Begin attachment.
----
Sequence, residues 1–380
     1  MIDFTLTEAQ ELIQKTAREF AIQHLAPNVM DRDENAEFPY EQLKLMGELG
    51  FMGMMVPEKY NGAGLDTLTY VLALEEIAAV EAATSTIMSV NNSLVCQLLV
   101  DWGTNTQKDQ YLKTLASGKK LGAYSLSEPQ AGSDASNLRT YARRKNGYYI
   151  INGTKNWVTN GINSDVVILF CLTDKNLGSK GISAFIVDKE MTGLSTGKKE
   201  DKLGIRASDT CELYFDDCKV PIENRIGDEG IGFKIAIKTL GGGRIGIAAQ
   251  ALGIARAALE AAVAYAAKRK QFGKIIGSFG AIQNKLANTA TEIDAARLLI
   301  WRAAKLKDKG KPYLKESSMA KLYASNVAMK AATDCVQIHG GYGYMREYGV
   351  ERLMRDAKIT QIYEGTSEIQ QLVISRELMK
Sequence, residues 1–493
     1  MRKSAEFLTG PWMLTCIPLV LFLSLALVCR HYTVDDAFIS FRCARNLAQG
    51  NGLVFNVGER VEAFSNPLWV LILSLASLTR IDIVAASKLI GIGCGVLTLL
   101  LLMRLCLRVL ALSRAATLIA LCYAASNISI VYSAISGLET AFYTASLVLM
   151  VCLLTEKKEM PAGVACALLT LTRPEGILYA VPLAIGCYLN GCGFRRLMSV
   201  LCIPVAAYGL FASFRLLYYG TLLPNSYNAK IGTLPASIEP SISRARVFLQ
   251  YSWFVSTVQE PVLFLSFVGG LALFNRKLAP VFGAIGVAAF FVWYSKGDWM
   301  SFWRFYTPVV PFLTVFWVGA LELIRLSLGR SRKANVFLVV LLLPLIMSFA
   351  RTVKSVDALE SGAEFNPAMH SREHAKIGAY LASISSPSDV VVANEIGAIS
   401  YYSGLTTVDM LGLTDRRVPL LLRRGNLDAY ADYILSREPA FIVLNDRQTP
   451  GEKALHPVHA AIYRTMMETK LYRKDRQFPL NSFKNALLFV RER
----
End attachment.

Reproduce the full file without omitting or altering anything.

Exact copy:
Sequence, residues 1–380
     1  MIDFTLTEAQ ELIQKTAREF AIQHLAPNVM DRDENAEFPY EQLKLMGELG
    51  FMGMMVPEKY NGAGLDTLTY VLALEEIAAV EAATSTIMSV NNSLVCQLLV
   101  DWGTNTQKDQ YLKTLASGKK LGAYSLSEPQ AGSDASNLRT YARRKNGYYI
   151  INGTKNWVTN GINSDVVILF CLTDKNLGSK GISAFIVDKE MTGLSTGKKE
   201  DKLGIRASDT CELYFDDCKV PIENRIGDEG IGFKIAIKTL GGGRIGIAAQ
   251  ALGIARAALE AAVAYAAKRK QFGKIIGSFG AIQNKLANTA TEIDAARLLI
   301  WRAAKLKDKG KPYLKESSMA KLYASNVAMK AATDCVQIHG GYGYMREYGV
   351  ERLMRDAKIT QIYEGTSEIQ QLVISRELMK
Sequence, residues 1–493
     1  MRKSAEFLTG PWMLTCIPLV LFLSLALVCR HYTVDDAFIS FRCARNLAQG
    51  NGLVFNVGER VEAFSNPLWV LILSLASLTR IDIVAASKLI GIGCGVLTLL
   101  LLMRLCLRVL ALSRAATLIA LCYAASNISI VYSAISGLET AFYTASLVLM
   151  VCLLTEKKEM PAGVACALLT LTRPEGILYA VPLAIGCYLN GCGFRRLMSV
   201  LCIPVAAYGL FASFRLLYYG TLLPNSYNAK IGTLPASIEP SISRARVFLQ
   251  YSWFVSTVQE PVLFLSFVGG LALFNRKLAP VFGAIGVAAF FVWYSKGDWM
   301  SFWRFYTPVV PFLTVFWVGA LELIRLSLGR SRKANVFLVV LLLPLIMSFA
   351  RTVKSVDALE SGAEFNPAMH SREHAKIGAY LASISSPSDV VVANEIGAIS
   401  YYSGLTTVDM LGLTDRRVPL LLRRGNLDAY ADYILSREPA FIVLNDRQTP
   451  GEKALHPVHA AIYRTMMETK LYRKDRQFPL NSFKNALLFV RER